A manager at industry fund Cbus has been rebuked for providing a “farcical” testimony to the royal commission into trade union corruption, following an admission of lying from a former colleague.
Cbus manager Maria Butera appeared before the royal commission into trade union governance and corruption yesterday, facing questions about whether she co-conspired with now-dismissed colleague Lisa Zanatta to leak confidential member information to trade union, the CFMEU.Ms Butera denied the allegations, but was told by counsel assisting Jeremy Stoljar QC that text messages between the two Cbus employees presented evidence to the contrary.
In a legal document, Ms Butera declared she had “no prior knowledge, involvement or participation in the release of [the] information”, but the royal commission hearing heard that a text message from Ms Butera said: “I have made arrangements to drop off information to [CFMEU boss] Brian Parker’s PA.”Ms Butera said she had no knowledge of the content of the information, explaining “it could be about anything”, but Royal Commissioner Dyson Heydon QC said she had provided a “farcical answer”.Commissioner Heydon also described another of Ms Butera’s answers as “comical”, when she explained that a text message sent to Ms Zanatta on the day the leaks took place – which asked “Everything okay?” – was not an indication that she “wanted to know whether [Ms Zanatta had] successfully delivered this secret material…to Mr Parker and the CFMEU”.“I could have just been asking her if everything was okay,” Ms Butera said, prompting the rebuke from the commissioner. Ms Butera also told the hearing she could “not remember” whether a text message that read “Lisa, did BP call you back, M?” was referring to Brian Parker at the CFMEU, sparking another strong reproach from Mr Heydon.“What do you think it is? British Petroleum or something? You are not doing yourself justice, Ms Butera,” Mr Heydon said.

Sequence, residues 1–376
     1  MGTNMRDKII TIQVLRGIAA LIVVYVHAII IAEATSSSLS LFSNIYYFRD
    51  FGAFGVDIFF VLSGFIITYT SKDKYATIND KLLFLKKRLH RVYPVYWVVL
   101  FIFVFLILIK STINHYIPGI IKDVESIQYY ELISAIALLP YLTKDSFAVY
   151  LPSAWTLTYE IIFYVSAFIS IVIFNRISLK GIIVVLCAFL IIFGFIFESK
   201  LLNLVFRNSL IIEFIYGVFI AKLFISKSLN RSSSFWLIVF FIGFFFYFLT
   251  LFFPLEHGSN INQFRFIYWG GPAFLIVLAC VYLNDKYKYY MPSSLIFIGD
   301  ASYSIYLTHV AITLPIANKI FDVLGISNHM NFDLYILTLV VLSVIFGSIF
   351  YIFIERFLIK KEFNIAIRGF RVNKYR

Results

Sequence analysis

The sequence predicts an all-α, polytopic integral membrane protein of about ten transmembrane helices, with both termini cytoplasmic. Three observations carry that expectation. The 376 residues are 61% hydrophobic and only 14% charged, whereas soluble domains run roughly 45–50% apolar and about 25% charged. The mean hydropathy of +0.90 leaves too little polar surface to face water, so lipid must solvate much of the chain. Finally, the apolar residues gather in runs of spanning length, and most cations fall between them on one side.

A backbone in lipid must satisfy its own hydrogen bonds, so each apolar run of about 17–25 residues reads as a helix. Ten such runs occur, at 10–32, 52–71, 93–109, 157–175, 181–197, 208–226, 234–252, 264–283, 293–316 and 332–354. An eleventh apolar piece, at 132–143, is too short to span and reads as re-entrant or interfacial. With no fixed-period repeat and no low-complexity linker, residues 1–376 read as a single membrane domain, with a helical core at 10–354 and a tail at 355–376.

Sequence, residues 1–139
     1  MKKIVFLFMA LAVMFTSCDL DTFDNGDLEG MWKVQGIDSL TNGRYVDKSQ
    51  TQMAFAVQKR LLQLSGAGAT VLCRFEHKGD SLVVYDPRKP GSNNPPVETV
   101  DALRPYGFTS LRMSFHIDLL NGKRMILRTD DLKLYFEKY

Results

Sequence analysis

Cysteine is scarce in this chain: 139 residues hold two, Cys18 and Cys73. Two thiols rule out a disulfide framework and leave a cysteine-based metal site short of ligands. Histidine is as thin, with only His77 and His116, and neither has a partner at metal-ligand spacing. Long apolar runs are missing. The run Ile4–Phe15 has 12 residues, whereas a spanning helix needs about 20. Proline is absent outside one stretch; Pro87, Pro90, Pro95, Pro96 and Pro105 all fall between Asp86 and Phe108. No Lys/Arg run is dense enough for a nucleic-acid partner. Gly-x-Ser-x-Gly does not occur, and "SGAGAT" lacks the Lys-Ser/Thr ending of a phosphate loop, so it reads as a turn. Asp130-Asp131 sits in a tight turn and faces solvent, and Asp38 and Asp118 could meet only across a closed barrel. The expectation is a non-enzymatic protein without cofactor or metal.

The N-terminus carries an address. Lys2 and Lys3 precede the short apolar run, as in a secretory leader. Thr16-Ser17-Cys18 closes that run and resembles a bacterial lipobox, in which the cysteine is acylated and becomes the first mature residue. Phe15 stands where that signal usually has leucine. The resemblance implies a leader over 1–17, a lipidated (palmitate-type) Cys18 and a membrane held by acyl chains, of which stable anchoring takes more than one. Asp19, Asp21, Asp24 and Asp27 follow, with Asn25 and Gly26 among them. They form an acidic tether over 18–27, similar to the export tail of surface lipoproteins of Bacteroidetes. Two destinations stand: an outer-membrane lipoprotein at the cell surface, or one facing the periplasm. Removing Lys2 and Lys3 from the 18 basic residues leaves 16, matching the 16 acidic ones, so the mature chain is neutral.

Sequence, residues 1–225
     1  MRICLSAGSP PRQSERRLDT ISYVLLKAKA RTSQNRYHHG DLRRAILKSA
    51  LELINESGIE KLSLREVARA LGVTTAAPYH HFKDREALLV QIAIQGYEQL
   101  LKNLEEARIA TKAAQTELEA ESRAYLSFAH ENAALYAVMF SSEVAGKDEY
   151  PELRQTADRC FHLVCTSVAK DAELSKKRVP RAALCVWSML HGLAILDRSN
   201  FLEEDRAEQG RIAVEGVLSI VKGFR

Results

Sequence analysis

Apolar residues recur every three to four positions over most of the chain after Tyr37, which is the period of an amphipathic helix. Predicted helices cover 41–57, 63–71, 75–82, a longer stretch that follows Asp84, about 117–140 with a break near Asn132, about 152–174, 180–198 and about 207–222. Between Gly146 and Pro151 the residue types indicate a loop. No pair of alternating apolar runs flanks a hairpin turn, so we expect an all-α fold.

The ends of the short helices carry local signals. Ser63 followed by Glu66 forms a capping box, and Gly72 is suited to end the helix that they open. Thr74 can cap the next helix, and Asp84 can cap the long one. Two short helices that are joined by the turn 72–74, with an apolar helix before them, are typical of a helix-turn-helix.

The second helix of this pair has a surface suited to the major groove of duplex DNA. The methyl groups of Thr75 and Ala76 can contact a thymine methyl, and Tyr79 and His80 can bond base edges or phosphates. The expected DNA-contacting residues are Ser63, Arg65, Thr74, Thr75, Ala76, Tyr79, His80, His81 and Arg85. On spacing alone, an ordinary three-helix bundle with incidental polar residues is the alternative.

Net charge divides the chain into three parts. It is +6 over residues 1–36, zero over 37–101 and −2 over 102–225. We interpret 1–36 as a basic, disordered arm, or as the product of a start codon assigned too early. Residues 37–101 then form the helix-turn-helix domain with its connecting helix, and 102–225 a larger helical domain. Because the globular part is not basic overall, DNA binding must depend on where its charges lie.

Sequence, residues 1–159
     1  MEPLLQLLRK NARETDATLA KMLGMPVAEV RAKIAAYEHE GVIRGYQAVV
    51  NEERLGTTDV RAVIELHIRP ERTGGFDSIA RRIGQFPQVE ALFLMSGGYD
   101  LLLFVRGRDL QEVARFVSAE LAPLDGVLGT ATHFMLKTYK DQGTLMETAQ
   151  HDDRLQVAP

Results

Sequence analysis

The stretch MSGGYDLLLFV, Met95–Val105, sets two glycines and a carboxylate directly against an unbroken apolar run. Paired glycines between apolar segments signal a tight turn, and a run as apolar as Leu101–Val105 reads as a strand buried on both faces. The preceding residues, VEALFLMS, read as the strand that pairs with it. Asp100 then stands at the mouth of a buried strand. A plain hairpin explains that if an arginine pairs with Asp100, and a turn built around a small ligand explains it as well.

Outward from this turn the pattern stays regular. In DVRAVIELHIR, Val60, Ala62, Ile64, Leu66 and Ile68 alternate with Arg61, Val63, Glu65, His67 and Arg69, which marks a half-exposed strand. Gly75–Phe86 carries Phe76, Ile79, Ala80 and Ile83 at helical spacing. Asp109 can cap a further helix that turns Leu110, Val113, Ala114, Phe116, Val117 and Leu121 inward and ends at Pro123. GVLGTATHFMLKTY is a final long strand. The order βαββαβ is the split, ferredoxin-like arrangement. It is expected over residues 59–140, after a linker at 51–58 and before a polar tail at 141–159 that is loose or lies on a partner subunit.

“You're a highly intelligent, able woman. You really must pull yourself together and answer Mr Stoljar's questions in a serious and responsible manner, which you have not been doing for most of today.”
Cbus CEO David Atkin faced the royal commission last week.
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